Meet The 2016 U.S. Olympic Judo Team

By Craig Bohnert | June 01, 2016, 11:13 a.m. (ET)


Led by reigning Olympic champion Kayla Harrison and 2012 Olympic bronze medalist Marti Malloy, the United States has named the six athletes who will compete in judo at the Rio 2016 Olympic Games.

Joining Harrison (78 kg.) and Malloy (57 kg.) on the women’s team is Angelica Delgado (52 kg.), who will compete at her first Olympic Games in Rio. The men’s team is comprised of two-time Olympian Travis Stevens (81 kg.), 2012 Olympic Trials champion Nick Delpopolo (73 kg.) and Colton Brown (90 kg.), who makes his first Olympic team.

Harrison and Stevens set medal expectations for the team with their victories over the weekend at the World Judo Masters tournament in Guadalajara, Mexico. Harrison defended her title there to solidify her hold on the No. 1 world ranking, while Stevens made history as the first U.S. man to win gold at a World Masters event.

Meet the six judokas who will represent Team USA in Rio:

Angelica Delgado, 52 kg.
Currently ranked No. 25 in the world, Delgado’s first Olympic Games will come in an area of the world where she has enjoyed success: Out of 14 international medals won since 2013, all but three were earned on South American soil. The bronze medalist at the past two Pan American Games, she has won bronze at the Pan American Open in Montevideo, Uruguay, three consecutive years. Delgado, 25, has a pair of bronzes won to her credit from open events in Buenos Aires and Lima this year. Her only international gold medal was earned at the 2014 Pan American Open in Buenos Aires. She has won a silver and four bronzes in either Pan American Games or continental championship competition. As the U.S. athlete with the highest points outside of direct qualifying position, Delgado qualified for Rio based on continental qualification.

Marti Malloy, 57 kg.
Malloy, 29, returns as the reigning Olympic bronze medalist. After winning a gold medal in her first senior international competition at the age of 16 in 2002, she has established herself as a recognized force in the 57 kg. division. Ranked fourth in the latest world rankings, she has dominated Pan American competition the past three years, including gold at the last three Pan American Championships and gold at the Toronto 2015 Pan American Games. Returning to Rio is sure to feel comfortable to her, since her best world championship result, a silver medal, was won there in 2013.

Kayla Harrison, 78 kg.
The reigning Olympic champion and the first American to win an Olympic gold medal in judo, Harrison has been gaining momentum this Olympic cycle, starting with three international medals (one gold, one silver, one bronze) in 2013, then five (two golds, two silvers, one bronze) in 2014. A stellar 2015 produced seven golds, two silvers and two bronzes. The 25-year-old’s recent gold medal at the World Judo Masters meet in Guadalajara, Mexico, solidified her world No. 1 ranking and her status as a gold-medal favorite in Rio. She reached the podium in least one international podium event each year since 2008, compiling two dozen gold medals, nine silvers and 10 bronzes along the way.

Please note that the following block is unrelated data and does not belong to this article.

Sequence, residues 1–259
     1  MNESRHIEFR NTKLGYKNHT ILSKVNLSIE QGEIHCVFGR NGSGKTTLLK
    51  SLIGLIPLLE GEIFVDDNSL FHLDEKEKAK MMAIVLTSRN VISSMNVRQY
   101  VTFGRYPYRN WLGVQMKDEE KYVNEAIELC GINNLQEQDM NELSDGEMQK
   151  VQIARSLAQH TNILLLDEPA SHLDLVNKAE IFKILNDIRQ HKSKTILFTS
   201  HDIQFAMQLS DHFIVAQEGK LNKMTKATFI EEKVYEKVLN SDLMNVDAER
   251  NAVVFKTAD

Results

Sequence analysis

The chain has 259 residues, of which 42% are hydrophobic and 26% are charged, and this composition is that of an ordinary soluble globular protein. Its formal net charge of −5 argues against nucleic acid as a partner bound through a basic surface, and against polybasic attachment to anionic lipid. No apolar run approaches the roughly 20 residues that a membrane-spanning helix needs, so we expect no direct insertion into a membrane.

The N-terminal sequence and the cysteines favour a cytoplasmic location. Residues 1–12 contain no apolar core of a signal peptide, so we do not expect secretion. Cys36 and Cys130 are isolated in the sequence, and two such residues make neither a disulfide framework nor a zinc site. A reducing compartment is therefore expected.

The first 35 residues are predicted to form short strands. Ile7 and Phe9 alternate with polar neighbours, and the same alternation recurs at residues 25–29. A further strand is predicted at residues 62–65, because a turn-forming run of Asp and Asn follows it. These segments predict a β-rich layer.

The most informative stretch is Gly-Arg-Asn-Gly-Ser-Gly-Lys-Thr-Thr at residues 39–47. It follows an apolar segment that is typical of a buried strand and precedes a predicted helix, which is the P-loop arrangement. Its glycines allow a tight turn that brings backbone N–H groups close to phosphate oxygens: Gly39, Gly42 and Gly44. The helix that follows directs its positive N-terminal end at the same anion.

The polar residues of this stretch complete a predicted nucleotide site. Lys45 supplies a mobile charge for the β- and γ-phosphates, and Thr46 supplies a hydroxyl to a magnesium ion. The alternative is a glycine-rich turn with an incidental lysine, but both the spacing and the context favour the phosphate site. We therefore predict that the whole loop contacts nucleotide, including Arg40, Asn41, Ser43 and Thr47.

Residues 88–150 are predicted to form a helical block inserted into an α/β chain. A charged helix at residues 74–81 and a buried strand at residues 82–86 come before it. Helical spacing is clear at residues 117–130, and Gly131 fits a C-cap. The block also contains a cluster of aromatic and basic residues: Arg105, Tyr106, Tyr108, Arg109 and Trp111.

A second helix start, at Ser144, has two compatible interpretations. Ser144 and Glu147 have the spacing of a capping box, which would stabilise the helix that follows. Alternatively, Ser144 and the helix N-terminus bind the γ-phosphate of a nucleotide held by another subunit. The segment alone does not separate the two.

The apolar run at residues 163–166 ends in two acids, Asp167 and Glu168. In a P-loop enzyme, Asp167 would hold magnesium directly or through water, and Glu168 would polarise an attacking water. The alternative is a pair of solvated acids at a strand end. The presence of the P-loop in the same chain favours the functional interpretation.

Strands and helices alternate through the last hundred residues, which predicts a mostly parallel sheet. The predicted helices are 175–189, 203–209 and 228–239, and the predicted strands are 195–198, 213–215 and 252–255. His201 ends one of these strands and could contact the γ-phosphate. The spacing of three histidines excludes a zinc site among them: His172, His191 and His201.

Nick Delpopolo, 73 kg.
Currently ranked No. 32 in the world, Delpopolo won the 2012 U.S. Olympic Team Trials. He placed seventh in London, but was expelled from the Games when he tested positive for cannabis in a post-competition test. Since returning from London he has relocated from New York to Florida and now trains with Evelio Garcia. After medaling in five consecutive Pan American Championships (gold in 2013 and four bronzes), he finished fifth in Havana in April. He was forced to withdraw from the Toronto 2015 Pan American Games when it was determined that he had a sports hernia which required surgery to repair. He enjoyed success in 2014, winning the African Open, taking bronze at the Pan American Championships and the Pan American Open in Miami and racking up six fifth-place finishes in an assortment of grand prix, open and Grand Slam events.

Travis Stevens, 81 kg.
A two-time Olympian already, Stevens, 30, jumped into the Olympic medal mix with his gold at the World Judo Masters competition in Guadalajara over the weekend, vaulting from No. 14 to No. 5 in the latest world rankings. He won gold at the Toronto 2015 Pan American Games and bronze at the 2015 Pan American Championships in Edmonton, Alberta. He has already enjoyed success in Rio, earning the gold medal at the 2007 Pan American Games. Stevens suffered losses to Germany’s Ole Bischof at the last two Olympic Games as Bischof went on to win gold in Beijing and silver in London. With Bischof’s retirement after London, Stevens’ path to an Olympic medal may have opened up. He finished ninth in Beijing, reaching the quarterfinals, and fifth in London, falling in the semis.

Colton Brown, 90 kg.
Ranked No. 27 in the world, Brown earns his first Olympic team selection riding a wave of progress, including winning a silver medal at the 2016 Pan American Championships after fifth-place finishes the prior two years. The 24-year-old has won world cup or continental open medals on five continents, including five medals on four continents in 2015. He won the Pan American U-20 title in 2010.